Some 4,000 of those policemen will be assigned to Paris, where the General Confederation of Labor (CGT) and eight national unions called for a large march in the afternoon.
The first day of protests against the Macron reform occurred on January 19, when over 2 million people took to the streets of the main French cities, according to the CGT reported.
On Tuesday, it is expected that at least the same number of people will come out to protest against a reform that aims to raise the minimum retirement age from 62 to 64 years. Macron also seeks to increase the contribution period to 43 years from 2027.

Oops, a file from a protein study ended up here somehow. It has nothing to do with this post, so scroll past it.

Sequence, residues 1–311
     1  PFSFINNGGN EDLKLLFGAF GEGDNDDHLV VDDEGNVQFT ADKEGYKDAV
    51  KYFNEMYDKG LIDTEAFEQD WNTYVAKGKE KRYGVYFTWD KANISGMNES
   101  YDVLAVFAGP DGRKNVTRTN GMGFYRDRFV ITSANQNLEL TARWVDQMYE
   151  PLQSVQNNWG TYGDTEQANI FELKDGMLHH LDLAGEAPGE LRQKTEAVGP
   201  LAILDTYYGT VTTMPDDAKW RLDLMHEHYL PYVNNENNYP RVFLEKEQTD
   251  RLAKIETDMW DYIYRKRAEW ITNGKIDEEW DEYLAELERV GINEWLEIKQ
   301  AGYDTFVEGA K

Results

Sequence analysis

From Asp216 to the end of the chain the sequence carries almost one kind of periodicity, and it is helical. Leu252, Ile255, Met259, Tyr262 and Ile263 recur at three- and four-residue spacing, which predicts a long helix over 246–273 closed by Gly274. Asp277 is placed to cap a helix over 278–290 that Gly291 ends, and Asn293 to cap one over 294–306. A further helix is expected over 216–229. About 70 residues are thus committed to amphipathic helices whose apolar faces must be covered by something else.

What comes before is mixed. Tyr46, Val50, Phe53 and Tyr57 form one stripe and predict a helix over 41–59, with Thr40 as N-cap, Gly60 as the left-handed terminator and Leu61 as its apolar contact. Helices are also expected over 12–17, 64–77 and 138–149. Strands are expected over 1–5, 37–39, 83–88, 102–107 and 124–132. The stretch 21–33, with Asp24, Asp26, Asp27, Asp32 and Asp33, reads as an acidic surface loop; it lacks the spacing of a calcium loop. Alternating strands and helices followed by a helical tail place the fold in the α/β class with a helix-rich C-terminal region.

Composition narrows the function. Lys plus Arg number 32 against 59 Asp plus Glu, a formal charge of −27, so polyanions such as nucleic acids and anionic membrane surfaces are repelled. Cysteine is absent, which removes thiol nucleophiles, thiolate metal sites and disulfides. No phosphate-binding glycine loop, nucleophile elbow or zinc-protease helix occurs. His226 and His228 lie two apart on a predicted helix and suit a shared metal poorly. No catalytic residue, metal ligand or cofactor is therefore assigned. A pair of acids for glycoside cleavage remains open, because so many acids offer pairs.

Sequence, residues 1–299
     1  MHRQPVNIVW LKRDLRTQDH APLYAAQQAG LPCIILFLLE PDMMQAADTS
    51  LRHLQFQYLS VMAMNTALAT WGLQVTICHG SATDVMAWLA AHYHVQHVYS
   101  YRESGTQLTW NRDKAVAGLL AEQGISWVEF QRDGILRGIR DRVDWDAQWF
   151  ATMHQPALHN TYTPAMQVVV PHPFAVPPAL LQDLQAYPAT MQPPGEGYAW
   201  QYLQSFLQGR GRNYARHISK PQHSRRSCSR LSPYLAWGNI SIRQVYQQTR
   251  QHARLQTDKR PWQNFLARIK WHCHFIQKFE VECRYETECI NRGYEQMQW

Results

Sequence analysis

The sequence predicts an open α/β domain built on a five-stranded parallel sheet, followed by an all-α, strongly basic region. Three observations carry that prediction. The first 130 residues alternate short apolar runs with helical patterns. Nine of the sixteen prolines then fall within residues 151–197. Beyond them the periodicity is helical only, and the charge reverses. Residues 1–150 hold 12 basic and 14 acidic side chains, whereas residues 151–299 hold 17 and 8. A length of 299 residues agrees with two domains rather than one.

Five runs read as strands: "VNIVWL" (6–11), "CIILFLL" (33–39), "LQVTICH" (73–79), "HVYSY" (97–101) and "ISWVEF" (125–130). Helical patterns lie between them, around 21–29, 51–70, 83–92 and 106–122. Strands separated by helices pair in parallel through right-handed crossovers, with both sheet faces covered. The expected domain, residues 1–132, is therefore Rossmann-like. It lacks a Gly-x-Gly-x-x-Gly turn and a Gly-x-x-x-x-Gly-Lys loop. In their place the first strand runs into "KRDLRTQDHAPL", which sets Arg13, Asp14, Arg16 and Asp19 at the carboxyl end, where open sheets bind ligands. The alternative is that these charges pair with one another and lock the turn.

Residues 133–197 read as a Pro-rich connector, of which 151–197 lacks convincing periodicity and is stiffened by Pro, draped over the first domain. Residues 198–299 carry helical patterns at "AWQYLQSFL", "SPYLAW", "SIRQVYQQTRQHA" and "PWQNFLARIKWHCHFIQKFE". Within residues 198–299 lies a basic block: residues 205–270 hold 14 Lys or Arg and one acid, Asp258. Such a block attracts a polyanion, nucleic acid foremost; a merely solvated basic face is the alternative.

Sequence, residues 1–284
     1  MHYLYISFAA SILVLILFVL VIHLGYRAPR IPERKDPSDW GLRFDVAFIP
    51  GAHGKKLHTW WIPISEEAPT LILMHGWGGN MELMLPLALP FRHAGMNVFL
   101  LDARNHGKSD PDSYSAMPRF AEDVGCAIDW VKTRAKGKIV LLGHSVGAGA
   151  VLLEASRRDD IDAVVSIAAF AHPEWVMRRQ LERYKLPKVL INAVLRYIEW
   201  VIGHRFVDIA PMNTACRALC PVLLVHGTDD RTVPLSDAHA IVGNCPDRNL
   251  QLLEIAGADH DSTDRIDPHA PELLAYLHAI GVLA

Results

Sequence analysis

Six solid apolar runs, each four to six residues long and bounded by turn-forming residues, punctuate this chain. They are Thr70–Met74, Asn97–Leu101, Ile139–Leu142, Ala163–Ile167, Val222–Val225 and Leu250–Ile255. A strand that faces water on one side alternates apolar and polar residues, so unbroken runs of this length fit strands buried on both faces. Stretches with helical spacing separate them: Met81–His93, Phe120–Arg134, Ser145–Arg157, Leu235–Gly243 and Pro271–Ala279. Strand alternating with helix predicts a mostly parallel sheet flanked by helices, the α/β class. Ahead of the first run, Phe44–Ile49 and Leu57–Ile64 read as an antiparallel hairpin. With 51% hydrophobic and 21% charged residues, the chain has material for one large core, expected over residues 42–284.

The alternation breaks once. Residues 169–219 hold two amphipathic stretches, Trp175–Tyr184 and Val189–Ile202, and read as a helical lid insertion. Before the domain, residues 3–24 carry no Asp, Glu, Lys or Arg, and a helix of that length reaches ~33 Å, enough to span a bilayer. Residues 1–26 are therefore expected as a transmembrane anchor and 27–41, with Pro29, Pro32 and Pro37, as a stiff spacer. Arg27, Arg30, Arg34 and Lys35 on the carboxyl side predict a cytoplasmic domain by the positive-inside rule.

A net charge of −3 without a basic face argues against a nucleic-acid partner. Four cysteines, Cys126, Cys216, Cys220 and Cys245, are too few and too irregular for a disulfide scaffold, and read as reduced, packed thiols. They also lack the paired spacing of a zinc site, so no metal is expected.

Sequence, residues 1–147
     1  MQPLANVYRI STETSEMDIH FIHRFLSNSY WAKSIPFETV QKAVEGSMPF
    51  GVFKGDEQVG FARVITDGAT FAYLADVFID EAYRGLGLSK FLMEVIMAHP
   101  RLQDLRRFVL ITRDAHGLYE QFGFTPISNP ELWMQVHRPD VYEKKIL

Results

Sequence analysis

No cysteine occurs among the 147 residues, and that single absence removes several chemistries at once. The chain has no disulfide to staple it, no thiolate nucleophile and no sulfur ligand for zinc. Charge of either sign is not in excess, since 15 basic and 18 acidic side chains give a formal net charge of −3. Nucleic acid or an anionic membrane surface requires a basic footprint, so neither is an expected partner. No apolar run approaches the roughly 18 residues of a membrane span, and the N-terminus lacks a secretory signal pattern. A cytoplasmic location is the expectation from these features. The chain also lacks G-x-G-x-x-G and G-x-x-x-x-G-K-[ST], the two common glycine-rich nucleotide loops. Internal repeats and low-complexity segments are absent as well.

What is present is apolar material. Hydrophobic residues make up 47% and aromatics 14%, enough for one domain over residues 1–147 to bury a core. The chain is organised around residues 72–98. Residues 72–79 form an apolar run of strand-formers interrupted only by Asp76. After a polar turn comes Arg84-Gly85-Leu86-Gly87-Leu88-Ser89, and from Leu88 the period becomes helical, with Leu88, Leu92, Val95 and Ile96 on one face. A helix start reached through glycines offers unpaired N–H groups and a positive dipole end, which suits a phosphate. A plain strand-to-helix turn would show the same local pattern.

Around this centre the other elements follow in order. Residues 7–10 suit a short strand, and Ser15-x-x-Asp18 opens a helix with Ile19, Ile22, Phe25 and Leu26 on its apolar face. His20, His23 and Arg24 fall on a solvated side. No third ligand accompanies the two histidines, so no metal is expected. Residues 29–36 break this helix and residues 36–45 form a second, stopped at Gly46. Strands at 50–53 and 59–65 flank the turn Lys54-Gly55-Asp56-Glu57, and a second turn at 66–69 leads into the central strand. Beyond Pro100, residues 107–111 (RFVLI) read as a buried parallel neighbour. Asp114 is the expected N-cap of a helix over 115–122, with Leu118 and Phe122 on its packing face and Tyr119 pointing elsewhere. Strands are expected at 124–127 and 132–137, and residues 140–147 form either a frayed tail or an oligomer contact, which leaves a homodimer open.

Michael, danois, 62 ans, éboueur, fracassé par le travail et obligé de prendre des cachets pour le dos pour tenir. Il ramasse 900 kilos de déchets par semaine. Son message « ne faites surtout pas la retraite à 64 ans en France » #ReformeDesRetraitespic.twitter.com/JIi0NKsl0n
The tweet reads, "Michael, a 62-year-old Danish garbage collector, has been broken by his job and forced to take pills to cope with back pain. He collects 900 kilos of rubbish weekly. His message, “Above all, don't you retire at 64 y.o in France.” #ReformDesRetraites
Although Interior Minister Gerald Darmanin warned that all citizens who attack police officers will be arrested, he hopes that the protests will take place without serious incidents, as happened on Jan. 19, when demonstrations were registered in 268 cities.
Besides calling for street mobilizations, the French workers will carry out strikes in the main public services such as transportation.
In this way, the French hope to stop Macron's neoliberal bill, which will be discussed in the National Assembly on February 6.